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Jonathan Tasini

Imagine electing a senator from New York who will lead the movement for single-payer Medicare for All, real healthcare reform, a senator not bought and paid for by the Sickness Industry, a senator not afraid to back his constituents over the “leaders” of his party, a senator skilled at telling the corporate media what the agenda is rather than allowing them to tell him.

This is a real possibility now, and we should seize it. We should seize it early in order to set an example for other states, other candidates, and the incumbents now in office. New York has only an appointed senator at the moment, Kirsten Gillibrand, filling in for Hillary Clinton who left to become Secretary of State. This is a terrific opportunity to elect a new leader, and I can’t imagine anyone better than Jonathan Tasini to place in the United States Senate, an institution — if ever there was one — in need of shaking up, rattling about, hosing down, and radically redirecting.

Our nation is in a state of fury over the ownership of the U.S. Senate by Wall Street, and New York might just be in the mood to elect a new senator free of its corruption and eager to take on its abuses, including those of the misnamed “healthcare industry.” Here are Jonathan’s own words:

My commitment to you is this: the very first piece of legislation that I will fight for as a United States Senator will be to make single-payer health care a reality. . . . Think of this: insurance companies waste billions of dollars every year in the pursuit of one goal — to deny people health care treatment! Why Medicare? It is by far the most efficient part of our national health care system. The administrative costs of the Medicare system are tiny: just 2 percent. Private insurers are ripping us off because we pay for their bureaucracies, executive pay and benefits, and advertising, which adds up to a mind-boggling 25 percent of costs. We should let firms and individuals buy into the Medicare system, taking advantage of its lower costs. The Medicaid system could also be rolled into Medicare, allowing for further savings by eliminating unnecessary duplication. The expanded Medicare system should use its buying power to push down the prices of pharmaceutical, medical equipment, and other costs in order to bring health care expenses in the United States under control and provide coverage for the uninsured.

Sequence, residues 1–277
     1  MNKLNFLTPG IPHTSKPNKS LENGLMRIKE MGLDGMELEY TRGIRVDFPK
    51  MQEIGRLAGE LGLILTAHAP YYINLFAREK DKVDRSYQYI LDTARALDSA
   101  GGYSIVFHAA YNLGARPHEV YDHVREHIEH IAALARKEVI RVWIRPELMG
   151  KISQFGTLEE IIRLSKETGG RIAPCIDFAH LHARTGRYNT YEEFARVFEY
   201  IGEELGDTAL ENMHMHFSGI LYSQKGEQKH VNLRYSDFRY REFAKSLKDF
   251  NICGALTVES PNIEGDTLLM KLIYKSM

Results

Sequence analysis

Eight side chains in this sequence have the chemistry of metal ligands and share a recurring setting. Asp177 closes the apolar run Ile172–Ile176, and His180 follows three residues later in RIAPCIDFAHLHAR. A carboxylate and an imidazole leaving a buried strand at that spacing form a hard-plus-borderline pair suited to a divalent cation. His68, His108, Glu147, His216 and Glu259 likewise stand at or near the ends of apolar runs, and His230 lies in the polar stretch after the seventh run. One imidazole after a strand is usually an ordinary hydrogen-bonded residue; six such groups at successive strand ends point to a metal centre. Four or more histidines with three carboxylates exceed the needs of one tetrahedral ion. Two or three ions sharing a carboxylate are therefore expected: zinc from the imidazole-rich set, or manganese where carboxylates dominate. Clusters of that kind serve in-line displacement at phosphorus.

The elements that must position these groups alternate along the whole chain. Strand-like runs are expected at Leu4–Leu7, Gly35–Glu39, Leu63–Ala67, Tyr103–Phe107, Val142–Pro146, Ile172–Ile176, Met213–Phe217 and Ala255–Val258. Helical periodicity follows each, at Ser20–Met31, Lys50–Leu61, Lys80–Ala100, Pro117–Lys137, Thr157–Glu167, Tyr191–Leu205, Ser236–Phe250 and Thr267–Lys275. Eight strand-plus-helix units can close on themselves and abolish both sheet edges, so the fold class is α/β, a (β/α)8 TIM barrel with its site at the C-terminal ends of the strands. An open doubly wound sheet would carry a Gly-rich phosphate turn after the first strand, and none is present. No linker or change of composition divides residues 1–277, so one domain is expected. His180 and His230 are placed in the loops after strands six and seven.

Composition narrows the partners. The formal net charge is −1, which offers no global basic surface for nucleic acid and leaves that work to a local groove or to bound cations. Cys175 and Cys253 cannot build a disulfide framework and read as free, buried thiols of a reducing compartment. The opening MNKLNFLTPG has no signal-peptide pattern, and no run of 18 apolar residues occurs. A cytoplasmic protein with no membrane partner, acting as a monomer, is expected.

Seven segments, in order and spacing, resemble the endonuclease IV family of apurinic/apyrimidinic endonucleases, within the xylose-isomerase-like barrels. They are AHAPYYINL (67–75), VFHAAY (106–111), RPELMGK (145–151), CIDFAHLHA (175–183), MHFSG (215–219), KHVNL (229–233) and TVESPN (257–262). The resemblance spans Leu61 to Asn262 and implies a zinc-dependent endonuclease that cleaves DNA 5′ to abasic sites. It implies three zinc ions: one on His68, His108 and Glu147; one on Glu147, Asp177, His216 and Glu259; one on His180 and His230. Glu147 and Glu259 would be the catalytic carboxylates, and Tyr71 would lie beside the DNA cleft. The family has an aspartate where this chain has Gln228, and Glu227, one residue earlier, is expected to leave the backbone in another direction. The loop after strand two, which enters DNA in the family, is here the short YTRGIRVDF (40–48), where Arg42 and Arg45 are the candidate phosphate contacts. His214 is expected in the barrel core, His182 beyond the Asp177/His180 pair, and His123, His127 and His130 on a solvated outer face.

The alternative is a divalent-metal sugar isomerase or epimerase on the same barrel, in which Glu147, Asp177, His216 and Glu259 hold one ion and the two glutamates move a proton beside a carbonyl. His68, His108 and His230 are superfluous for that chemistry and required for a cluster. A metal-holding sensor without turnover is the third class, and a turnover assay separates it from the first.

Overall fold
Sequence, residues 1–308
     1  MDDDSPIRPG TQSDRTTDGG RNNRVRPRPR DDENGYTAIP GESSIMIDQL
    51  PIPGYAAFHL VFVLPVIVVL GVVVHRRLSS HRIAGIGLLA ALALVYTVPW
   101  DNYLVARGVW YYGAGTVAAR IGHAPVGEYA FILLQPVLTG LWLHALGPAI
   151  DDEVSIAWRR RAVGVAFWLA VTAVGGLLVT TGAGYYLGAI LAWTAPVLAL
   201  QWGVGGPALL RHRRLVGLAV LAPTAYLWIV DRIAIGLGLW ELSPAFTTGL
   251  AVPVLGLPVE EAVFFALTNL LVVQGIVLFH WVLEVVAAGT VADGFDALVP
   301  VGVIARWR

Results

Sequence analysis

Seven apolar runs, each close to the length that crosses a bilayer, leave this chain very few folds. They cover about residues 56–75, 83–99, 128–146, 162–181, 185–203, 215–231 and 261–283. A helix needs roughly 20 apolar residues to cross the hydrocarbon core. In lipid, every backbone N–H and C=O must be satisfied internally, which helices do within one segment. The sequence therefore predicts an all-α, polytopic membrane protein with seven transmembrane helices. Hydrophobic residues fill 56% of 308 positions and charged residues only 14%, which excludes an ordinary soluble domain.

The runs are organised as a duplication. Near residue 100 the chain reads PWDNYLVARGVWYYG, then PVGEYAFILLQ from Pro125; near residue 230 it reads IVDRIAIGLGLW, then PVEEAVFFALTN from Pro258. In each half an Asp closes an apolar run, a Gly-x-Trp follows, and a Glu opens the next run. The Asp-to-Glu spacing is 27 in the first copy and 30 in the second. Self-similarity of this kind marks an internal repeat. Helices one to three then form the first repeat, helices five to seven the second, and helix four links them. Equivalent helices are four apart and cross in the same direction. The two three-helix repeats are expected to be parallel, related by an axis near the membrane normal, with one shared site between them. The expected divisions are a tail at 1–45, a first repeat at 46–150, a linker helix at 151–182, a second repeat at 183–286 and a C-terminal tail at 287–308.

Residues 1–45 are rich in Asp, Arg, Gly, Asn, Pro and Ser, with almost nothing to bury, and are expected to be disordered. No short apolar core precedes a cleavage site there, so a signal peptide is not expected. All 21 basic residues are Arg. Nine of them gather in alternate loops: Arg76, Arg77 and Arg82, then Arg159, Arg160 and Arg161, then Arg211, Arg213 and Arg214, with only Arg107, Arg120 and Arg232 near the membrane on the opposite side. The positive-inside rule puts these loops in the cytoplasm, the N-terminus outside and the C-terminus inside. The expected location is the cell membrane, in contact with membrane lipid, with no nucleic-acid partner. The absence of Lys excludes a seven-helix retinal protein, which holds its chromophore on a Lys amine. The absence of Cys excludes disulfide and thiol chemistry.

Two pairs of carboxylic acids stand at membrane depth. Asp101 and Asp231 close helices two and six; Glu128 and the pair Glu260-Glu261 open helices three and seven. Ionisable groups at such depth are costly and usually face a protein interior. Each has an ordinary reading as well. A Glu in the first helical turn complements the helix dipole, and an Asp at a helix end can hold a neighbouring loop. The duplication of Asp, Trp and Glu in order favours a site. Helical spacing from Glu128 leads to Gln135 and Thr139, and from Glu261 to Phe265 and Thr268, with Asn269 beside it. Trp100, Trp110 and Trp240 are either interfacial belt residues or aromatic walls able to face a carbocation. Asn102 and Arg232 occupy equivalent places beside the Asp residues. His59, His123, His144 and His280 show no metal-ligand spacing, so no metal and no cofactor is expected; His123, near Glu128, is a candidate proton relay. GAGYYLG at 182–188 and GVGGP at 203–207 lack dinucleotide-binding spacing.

If you want that position held and aggressively advanced in Washington, don’t buy an ad in the New York Times complaining about it.

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